Gilman relayed how she initially noted the girl frenetically on the phone with her drug dealer, but was shocked when, in taking a call from someone watching her baby, the young woman gave instructions about feeding and napping with clear competence and composure.

Affected by the dichotomy between perception and reality, Gilman fostered Luna Gale's theme of "Who (and what) makes for a good parent?"

In the play, meth-addicted teen parents Karlie and Peter (wonderfully portrayed by Reyna de Courcy and Colin Sphar) have brought their baby to the ER, where their interaction with a social worker named Caroline (the always stellar Mary Beth Fisher) sets the narrative rolling.

Especially as this is a World Premiere production that is well-worth seeing, I feel it best to be quite sparse with any plot details.

All I will say is that the story involves Caroline trying to aid Karlie & Peter and determine the best course of action for Luna.

Characters also include Karlie's mother (Jordan Baker), a local pastor (Richard Thieriot), Caroline's boss (Erik Hellman) and Lourdes, a college student who until recently was a ward under Caroline's care.

In addition to drug addiction, fundamentalist Christianity plays a large part in Gilman's piece, and in addressing a query about questions of faith in Luna Gale during the Artist Encounter, the writer noted that "the characters all have a great need for something that will give them hope," be it drugs, God or something undetermined.

By no means is hearing directly from the playwright and director prior to curtain requisite for understanding, enjoying and appreciating Luna Gale.

With outstanding performances throughout but especially by de Courcy and Sphar, a brilliant rotating set design by Todd Rosenthal and keen direction by Falls, Luna Gale is more than entertaining and compelling at face value.

Though the story is dramatic, there are a number of laughs, and while perceiving how carefully Gilman tries not to overtly demonize any of her characters, there is an acute "Whose side are you on?" sense of dramatic confrontation that makes for riveting theater.

Still, I felt the only possible shortcoming of Luna Gale is in the way Gilman imbues her characterizations to the point of feeling nearly like caricatures, whether of drug addicts, fundamentalists, negligent parents, screwed-up adolescents, jerk bosses, etc.

While I gained vast respect for Gilman and the effort that goes into writing, developing, rehearsing, revising and producing a play--all done with far more depth of thought than penning this review--I can't help but suspect that her messaging (leading to, per Falls, the all important post-show conversations among viewers) might have been even more powerful if some of the characters and their actions weren't so clearly distasteful, at least to me.

To explain this further would involve plot points I won't reveal, but I would be happy to have a discussion after you see Luna Gale.

Which if you enjoy great theater, created by two of Chicago's most esteemed practitioners (and numerous gifted colleagues), you definitely should. Not least because you may well come away questioning some of your own preconceived notions.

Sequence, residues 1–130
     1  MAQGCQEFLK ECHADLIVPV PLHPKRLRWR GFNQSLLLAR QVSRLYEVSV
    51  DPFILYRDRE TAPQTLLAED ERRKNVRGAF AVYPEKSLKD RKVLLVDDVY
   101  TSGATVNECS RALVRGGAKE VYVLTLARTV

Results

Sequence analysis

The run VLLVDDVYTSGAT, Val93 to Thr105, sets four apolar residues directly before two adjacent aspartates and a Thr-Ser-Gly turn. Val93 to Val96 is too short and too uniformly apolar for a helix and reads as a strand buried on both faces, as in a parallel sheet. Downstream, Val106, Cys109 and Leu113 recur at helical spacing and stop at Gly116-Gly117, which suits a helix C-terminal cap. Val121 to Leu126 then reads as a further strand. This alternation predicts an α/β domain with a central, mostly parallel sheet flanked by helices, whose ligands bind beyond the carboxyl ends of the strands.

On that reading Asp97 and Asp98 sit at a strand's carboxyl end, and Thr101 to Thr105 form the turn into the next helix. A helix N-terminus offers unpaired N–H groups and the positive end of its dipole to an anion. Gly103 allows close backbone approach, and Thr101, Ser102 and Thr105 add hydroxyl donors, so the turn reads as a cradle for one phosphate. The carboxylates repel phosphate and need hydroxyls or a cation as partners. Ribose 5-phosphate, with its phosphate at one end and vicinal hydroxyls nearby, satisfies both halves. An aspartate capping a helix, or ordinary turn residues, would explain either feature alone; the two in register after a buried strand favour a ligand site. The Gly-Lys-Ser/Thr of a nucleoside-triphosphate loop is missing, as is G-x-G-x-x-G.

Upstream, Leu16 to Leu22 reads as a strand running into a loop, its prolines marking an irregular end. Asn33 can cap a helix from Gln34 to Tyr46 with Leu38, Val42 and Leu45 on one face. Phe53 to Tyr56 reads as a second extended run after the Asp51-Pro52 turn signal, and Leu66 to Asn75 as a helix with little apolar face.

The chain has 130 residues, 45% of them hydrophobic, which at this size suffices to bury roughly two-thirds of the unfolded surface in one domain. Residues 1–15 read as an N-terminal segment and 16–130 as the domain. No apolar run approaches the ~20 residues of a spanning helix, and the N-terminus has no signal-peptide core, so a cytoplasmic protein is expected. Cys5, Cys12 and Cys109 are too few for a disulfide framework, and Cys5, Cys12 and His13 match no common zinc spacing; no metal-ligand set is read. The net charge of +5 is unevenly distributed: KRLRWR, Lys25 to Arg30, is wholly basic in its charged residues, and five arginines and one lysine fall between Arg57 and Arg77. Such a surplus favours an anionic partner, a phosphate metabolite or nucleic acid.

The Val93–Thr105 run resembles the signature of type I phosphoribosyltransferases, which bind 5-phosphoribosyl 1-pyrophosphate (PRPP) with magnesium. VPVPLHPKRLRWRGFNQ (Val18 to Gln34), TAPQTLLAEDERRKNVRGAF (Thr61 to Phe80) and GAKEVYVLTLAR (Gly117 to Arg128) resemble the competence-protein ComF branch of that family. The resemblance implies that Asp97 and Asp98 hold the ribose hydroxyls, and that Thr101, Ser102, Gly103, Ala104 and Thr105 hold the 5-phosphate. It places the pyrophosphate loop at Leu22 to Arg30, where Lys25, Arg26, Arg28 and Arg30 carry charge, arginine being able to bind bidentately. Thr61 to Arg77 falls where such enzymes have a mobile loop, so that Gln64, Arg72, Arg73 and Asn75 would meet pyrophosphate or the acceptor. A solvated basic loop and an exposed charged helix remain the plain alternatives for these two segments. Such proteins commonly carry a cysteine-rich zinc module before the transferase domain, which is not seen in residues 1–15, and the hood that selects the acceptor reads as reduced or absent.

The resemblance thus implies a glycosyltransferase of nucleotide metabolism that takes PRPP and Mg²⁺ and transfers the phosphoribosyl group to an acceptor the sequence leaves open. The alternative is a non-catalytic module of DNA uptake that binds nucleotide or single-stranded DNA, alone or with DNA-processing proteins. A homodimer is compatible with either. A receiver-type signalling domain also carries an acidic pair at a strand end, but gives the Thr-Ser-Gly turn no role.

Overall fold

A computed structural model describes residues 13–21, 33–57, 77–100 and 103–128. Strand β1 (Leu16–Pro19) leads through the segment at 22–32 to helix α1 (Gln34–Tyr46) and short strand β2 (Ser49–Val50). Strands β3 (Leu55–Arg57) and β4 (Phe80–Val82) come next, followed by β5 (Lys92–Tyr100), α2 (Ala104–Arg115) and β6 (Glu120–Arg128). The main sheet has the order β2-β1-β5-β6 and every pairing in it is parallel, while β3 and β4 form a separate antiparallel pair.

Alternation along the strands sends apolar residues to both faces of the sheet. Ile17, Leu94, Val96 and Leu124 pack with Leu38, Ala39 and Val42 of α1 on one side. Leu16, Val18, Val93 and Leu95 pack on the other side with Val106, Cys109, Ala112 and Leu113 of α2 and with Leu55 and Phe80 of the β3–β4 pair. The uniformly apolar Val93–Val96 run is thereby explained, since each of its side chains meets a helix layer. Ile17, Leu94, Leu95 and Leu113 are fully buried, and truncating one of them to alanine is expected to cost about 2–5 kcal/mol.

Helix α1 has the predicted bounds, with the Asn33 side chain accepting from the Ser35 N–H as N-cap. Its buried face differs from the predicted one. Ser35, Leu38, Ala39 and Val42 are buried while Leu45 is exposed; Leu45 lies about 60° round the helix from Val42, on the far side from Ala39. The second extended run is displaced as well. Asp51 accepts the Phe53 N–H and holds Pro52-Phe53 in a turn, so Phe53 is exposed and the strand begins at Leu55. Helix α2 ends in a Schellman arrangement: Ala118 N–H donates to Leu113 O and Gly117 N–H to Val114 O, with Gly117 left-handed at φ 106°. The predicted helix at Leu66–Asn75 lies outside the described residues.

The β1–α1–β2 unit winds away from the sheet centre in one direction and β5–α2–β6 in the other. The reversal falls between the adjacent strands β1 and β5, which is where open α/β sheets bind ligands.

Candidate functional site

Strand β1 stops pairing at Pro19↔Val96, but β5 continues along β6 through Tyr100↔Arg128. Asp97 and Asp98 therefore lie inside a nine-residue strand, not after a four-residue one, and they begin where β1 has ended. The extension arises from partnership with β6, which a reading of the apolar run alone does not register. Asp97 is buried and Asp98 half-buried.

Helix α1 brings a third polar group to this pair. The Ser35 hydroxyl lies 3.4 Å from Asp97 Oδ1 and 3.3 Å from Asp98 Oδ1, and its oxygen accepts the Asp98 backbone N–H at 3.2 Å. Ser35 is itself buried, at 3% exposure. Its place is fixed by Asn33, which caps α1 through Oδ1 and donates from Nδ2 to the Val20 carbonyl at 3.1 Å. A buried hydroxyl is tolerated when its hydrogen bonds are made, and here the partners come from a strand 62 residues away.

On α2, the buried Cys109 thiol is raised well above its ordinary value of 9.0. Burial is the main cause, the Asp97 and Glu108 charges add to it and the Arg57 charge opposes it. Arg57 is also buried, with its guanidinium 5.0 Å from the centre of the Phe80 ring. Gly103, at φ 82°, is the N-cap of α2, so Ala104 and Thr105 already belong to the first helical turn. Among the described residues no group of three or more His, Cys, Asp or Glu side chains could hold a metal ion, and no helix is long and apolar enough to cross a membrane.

And in an ever more polarized world, a bit greater depth perception--not to mention empathy and compassion--can only do us all some good.

Sunday, January 26, 2014

With a Little Magic Power, Rik Emmett Triumphantly Continues to Fight the Good Fight -- Chicago Concert Review

Concert Review

Rik Emmett
An Acoustic Night of Triumph
w/ opening act Classical Blast
Arcada Theatre, St. Charles, IL
January 25, 2014

From the late 1970s to the late '80s, the Canadian rock trio Triumph released 9 studio albums, all of which were certified platinum or gold in the U.S. and/or Canada. rates three of these albums 4 or 4-1/2 stars (on a 5-star scale)--the best being 1981's Allied Forces--and songs like "Lay it on the Line," "Fight the Good Fight," "Magic Power" and "Somebody's Out There" were once staples on rock radio and/or seen on MTV.

The band headlined arenas and amphitheaters across North America, and in 1983 played at the massive US Festival.

But somehow, perhaps because they were often considered secondary peers of Rush--themselves a Canadian trio with a high-pitched singer, vast popularity and critical disdain--Triumph was seemingly never considered "cool."

Then again, neither was I, and I unapologetically liked the band which featured dual songwriters and singers--guitarist Rik Emmett and drummer Gil Moore--and was rounded out by bassist Mike Levine.

In September 1986, I saw Triumph live for the only time, when early in my freshman year I came home from Northern Illinois University, met up with my friend Gary who was in from Illinois State, and went up to Alpine Valley.

Triumph long ago disbanded and while I retained a fondness, I didn't even know they had reunited for a couple festival shows in 2008, or that following a 1990 solo album, Rik Emmett had remained active.

But last night, Gary and I--along with two of his family members--shlepped to the historic Arcada Theater in St. Charles to see Rik Emmett in what was billed as "An Acoustic Night of Triumph."

With no disrespect to his old bandmates, Emmett was essentially the reason I enjoyed Triumph, as I found him to possess one of rock's sweetest voices and be a gifted guitarist who often included classically-infused instrumentals on the band's albums.